Ready for the Peace?

BOB HERBERT,  The New York Times, March 20, 2003


Now that U.S. strikes against Iraq have begun, we should get rid of one canard immediately, and that's the notion that criticism of the Bush administration and opposition to this invasion imply in some sense a lack of support or concern for the men and women who are under arms.

The names of too many of my friends are recorded on the wall of the Vietnam Memorial for me to tolerate that kind of nonsense. I hope that the war goes well, that our troops prevail quickly and that casualties everywhere are kept to a minimum.

But the fact that a war may be quick does not mean that it is wise. Against the wishes of most of the world, we have plunged not just into war, but toward a peace that is potentially more problematic than the war itself.

Are Americans ready to pay the cost in lives and dollars of a long-term military occupation of Iraq? To what end?

Will an occupation of Iraq increase or decrease our security here at home?

Do most Americans understand that even as we are launching one of the most devastating air assaults in the history of warfare, private companies are lining up to reap the riches of rebuilding the very structures we're in the process of destroying?

Companies like Halliburton, Schlumberger and the Bechtel Group understand this conflict a heck of a lot better than most of the men and women who will fight and die in it, or the armchair patriots who'll be watching on CNN and cheering them on.

It's not unpatriotic to say that there are billions of dollars to be made in Iraq and that the gold rush is already under way. It's simply a matter of fact.

Back in January, an article in The Wall Street Journal noted: "With oil reserves second only to Saudi Arabia's, Iraq would offer the oil industry enormous opportunity should a war topple Saddam Hussein. But the early spoils would probably go to companies needed to keep Iraq's already rundown oil operations running, especially if facilities were further damaged in a war. Oil-services firms such as Halliburton Co., where Vice President Dick Cheney formerly served as chief executive, and Schlumberger Ltd. are seen as favorites for what could be as much as $1.5 billion in contracts."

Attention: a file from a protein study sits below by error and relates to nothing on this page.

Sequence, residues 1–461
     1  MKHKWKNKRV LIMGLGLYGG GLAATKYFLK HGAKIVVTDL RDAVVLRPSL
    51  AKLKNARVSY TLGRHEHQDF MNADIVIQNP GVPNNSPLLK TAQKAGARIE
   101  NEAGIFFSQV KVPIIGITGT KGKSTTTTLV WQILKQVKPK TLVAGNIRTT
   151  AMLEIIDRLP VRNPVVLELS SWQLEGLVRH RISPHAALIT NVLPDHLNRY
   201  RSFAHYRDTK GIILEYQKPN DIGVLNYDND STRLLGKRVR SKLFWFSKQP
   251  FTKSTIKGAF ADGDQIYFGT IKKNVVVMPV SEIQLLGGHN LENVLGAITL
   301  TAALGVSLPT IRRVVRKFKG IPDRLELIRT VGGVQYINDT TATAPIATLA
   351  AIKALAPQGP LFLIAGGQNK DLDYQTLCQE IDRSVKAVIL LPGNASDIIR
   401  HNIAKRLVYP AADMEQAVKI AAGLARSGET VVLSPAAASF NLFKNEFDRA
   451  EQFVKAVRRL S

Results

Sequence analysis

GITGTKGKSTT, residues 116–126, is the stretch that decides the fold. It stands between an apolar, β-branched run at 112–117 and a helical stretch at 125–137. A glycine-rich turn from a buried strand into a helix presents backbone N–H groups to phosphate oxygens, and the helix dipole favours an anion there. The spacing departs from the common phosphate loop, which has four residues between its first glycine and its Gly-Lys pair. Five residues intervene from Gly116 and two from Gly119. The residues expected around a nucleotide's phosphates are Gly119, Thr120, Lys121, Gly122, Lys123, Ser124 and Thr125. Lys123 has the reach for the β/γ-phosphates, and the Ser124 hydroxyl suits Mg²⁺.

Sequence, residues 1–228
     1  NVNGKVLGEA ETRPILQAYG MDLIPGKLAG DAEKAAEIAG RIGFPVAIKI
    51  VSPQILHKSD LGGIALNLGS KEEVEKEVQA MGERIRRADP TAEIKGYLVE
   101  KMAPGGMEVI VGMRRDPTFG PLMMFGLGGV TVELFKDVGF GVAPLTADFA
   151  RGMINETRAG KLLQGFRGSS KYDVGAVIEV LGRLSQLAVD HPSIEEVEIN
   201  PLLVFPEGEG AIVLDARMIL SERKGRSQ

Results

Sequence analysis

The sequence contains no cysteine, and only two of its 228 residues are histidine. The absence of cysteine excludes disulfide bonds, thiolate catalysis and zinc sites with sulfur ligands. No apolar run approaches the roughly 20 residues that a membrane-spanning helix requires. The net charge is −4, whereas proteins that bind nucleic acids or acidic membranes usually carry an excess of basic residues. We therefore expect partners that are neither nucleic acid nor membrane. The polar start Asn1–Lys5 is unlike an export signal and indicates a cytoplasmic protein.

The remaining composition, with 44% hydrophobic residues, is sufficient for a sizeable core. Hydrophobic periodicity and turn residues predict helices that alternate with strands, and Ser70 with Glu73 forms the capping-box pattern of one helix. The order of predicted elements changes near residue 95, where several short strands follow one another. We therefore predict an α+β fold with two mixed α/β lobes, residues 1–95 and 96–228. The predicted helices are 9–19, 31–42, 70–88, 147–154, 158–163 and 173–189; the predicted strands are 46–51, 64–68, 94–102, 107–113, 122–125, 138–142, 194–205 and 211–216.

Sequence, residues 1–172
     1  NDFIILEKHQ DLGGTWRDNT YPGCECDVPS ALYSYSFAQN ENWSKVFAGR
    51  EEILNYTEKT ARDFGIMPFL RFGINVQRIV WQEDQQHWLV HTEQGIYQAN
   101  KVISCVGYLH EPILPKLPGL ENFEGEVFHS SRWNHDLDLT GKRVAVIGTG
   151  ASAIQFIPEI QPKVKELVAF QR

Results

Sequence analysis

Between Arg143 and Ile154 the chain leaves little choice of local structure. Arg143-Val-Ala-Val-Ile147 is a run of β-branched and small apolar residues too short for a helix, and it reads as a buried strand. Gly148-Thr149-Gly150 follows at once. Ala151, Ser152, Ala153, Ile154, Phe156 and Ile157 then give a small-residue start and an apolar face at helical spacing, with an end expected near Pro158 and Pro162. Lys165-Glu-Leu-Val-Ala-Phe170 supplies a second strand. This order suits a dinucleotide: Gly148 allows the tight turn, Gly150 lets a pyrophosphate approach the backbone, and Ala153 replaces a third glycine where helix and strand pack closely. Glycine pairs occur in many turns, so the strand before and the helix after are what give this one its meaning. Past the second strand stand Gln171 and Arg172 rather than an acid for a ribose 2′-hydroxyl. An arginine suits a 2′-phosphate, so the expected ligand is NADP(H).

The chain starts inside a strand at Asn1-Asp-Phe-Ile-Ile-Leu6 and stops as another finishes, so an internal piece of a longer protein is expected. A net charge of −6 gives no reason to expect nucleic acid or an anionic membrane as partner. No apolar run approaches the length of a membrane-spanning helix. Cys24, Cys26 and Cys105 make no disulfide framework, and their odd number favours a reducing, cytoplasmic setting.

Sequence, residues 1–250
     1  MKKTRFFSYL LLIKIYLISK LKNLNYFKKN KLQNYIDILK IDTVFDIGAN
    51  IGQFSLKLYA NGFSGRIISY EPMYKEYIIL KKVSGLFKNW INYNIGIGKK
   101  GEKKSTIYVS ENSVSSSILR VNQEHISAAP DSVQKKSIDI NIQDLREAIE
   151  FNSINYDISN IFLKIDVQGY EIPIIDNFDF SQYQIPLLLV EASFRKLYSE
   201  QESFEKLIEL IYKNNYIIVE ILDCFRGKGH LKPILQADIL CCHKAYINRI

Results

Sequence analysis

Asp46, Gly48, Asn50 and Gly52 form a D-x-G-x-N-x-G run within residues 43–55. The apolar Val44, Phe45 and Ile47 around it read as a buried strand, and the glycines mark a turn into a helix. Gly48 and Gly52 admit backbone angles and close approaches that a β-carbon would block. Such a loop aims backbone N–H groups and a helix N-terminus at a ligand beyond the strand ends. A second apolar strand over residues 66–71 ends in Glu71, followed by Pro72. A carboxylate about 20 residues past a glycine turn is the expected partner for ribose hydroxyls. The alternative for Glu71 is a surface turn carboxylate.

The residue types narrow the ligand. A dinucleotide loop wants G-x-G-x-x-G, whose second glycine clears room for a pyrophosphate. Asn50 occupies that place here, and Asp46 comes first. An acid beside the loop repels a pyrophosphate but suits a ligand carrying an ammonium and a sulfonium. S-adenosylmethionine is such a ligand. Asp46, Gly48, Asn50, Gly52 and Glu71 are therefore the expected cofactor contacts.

There is tremendous unease at the highest levels of the Pentagon about this war and its aftermath. The president and his civilian advisers are making a big deal about the anticipated rejoicing of the liberated populace once the war is over. But Iraq is an inherently unstable place, and while the forces assembled to chase Saddam from power are superbly trained for combat, the military is not well prepared for a long-term occupation in the most volatile region in the world.

What's driving this war is President Bush's Manichaean view of the world and messianic vision of himself, the dangerously grandiose perception of American power held by his saber-rattling advisers, and the irresistible lure of Iraq's enormous oil reserves.

Polls show that the public is terribly confused about what's going on, so much so that some 40 percent believe that Saddam Hussein was personally involved in the Sept. 11 attacks. That's really scary. Rather than correct this misconception, the administration has gone out of its way to reinforce it.

I think the men and women moving militarily against Saddam are among the few truly brave and even noble individuals left in our society. They have volunteered for the dangerous duty of defending the rest of us. But I also believe they are being put unnecessarily in harm's way.

As a result of the military buildup, there is hardly a more hobbled leader on earth at the moment than Saddam Hussein. A skillful marshaling of international pressure could have forced him from power. But then the Bush administration would not have had its war and its occupation. It would not have been able to turn Iraq into an American protectorate, which is as good a term as any for a colony.

Is it a good idea to liberate the people of Iraq from the clutches of a degenerate like Saddam Hussein? Sure. But there were better, less dangerous, ways to go about it.

In the epigraph to his memoir, "Present at the Creation," Dean Acheson quoted a 13th-century king of Spain, Alphonso X, the Learned:

"Had I been present at the creation I would have given some useful hints for the better ordering of the universe."